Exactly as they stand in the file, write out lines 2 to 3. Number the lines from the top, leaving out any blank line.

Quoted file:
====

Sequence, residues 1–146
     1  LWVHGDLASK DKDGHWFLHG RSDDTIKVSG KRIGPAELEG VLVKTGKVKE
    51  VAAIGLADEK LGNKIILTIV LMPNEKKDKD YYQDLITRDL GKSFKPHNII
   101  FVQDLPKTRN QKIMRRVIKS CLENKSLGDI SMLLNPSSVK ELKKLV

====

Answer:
     1  LWVHGDLASK DKDGHWFLHG RSDDTIKVSG KRIGPAELEG VLVKTGKVKE
    51  VAAIGLADEK LGNKIILTIV LMPNEKKDKD YYQDLITRDL GKSFKPHNII